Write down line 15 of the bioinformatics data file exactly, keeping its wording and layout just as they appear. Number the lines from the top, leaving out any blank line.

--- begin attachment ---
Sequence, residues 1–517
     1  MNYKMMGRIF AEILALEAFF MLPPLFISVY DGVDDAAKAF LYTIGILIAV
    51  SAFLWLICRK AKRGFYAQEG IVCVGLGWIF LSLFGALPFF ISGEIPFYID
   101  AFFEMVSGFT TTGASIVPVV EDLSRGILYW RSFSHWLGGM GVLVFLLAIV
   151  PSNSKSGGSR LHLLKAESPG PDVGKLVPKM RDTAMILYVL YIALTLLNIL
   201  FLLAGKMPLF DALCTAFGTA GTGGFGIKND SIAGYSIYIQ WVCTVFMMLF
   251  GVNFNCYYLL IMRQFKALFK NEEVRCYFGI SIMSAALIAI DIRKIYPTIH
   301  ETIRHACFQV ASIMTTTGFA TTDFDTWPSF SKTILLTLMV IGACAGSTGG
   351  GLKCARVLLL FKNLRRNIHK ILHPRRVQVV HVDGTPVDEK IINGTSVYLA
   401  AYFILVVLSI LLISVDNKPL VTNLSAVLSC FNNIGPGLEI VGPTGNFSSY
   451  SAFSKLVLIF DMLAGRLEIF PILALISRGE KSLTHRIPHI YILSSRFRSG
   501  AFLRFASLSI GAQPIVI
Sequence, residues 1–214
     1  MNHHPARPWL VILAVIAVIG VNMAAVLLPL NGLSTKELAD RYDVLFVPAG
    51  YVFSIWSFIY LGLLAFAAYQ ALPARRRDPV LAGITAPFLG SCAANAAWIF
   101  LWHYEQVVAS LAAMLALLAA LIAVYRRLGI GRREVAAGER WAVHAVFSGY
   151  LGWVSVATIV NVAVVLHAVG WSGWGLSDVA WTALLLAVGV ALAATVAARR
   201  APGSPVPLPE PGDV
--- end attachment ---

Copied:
    51  YVFSIWSFIY LGLLAFAAYQ ALPARRRDPV LAGITAPFLG SCAANAAWIF